Are you bored with steamed broccoli? I am! I got in a rut of serving broccoli the same way every time I made it, which was a lot – at least once a week. After all, it is a superfood, low in calories, high in fiber, with a wealth of nutrients and antioxidants. It is reputed to benefit the immune system, cardiovascular system and also has cancer-preventing and anti-inflammatory properties. We all need to eat more broccoli! Go, team broccoli!
Good news – there are other ways to serve broccoli other than steaming. Roasting broccoli is actually quicker and easier than steaming. The parmesan cheese, Italian Seasoning, and zing of the lemon juice add a whole new flavor dimension to this cruciferous vegetable. It will become a family favorite, trust me!
Part of broccoli’s overall appeal, besides its health benefits, is that it is a pretty vegetable. The beautiful bright green color enhances any plate of food. To maintain this visual asset, I always blanch broccoli before roasting or baking. I used to be afraid of blanching. First, I don’t like the word – it’s unappealing. Second, it sounds like extra work – something that I’m vehemently opposed to. Recipes of yore required boiling water and an ice bath for blanching. FORGET THAT NONSENSE! There’s an effortless way to blanch broccoli (or green beans) to maintain their vivid green hue using just a microwave-safe bowl and a wet paper towel. Simply put your prepped veg in the bowl with a tablespoon of water and cover with the damp paper towel Nuke on high for a couple of minutes. Remove the broccoli to a paper towel-lined plate to drain and pat dry. Ta-da! Blanched broccoli!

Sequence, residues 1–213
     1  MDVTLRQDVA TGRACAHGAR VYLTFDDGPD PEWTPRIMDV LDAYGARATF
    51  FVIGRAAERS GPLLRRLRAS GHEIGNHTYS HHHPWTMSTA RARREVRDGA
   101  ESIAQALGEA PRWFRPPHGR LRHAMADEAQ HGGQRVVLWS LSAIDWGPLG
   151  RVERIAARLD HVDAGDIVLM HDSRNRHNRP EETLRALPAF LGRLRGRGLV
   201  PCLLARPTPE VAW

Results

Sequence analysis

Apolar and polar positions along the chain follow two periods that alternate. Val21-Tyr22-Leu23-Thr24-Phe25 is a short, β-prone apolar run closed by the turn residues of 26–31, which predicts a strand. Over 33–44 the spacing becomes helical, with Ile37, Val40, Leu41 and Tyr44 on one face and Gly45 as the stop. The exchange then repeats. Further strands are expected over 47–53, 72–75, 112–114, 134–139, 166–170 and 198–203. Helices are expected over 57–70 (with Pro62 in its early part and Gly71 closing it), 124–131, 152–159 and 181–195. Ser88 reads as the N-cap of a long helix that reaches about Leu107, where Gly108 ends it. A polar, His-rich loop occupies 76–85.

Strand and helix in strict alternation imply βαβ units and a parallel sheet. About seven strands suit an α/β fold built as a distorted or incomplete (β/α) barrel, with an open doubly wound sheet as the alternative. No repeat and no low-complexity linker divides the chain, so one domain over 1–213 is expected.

Besides prepping the broccoli, there’s a little more mise-en-place needed. This includes lining a baking sheet/pan with aluminum foil (for easy/breezy clean-up), grating the parmesan, mincing or grating the garlic, slicing lemon wedges (optional), and measuring the ingredients. Buying shredded parmesan is an obvious timesaver. I prefer to purchase parmesan in wedges. I store it in the freezer, which not only keeps it fresh but makes it super easy to grate. Buying minced garlic is another shortcut that I don’t take. I use garlic in almost everything, so I always have fresh on hand. I smash the cloves with the flat edge of a knife, making it easy to remove the papery covering (which is a pain if you try to peel it off), and then with a rocking motion of the blade, cut the smashed garlic into tiny pieces. Fresh garlic definitely tastes better, and you don’t have to worry about the additives used in the pre-minced variety. It’s a personal choice.
Place the blanched broccoli in a plastic bag (a gallon size ziplock bag is perfect) or a large bowl, and add the olive oil, Italian Seasoning, garlic, salt, pepper, and sugar. Gently shake the bag (or stir) to coat evenly. I use a plastic bag because there’s no sticky clean-up. Just throw the bag away. No-fuss, no muss. My no-fuss philosophy is why I use a lot of Italian Seasoning in my recipes. It is a marvelous invention containing the perfect blend of thyme, oregano basil, and other herbs & spices. It’s both a timesaver and a space-saver. If you don’t have Italian Seasoning (put it on your shopping list – you’ll use it a lot), you can substitute ¼ teaspoon each of garlic powder, dried oregano, and dried basil. If you grow herbs, skip the dried seasonings and zhoosh it up with fresh basil, thyme, oregano, and/or chives. Just add a little salt and pepper.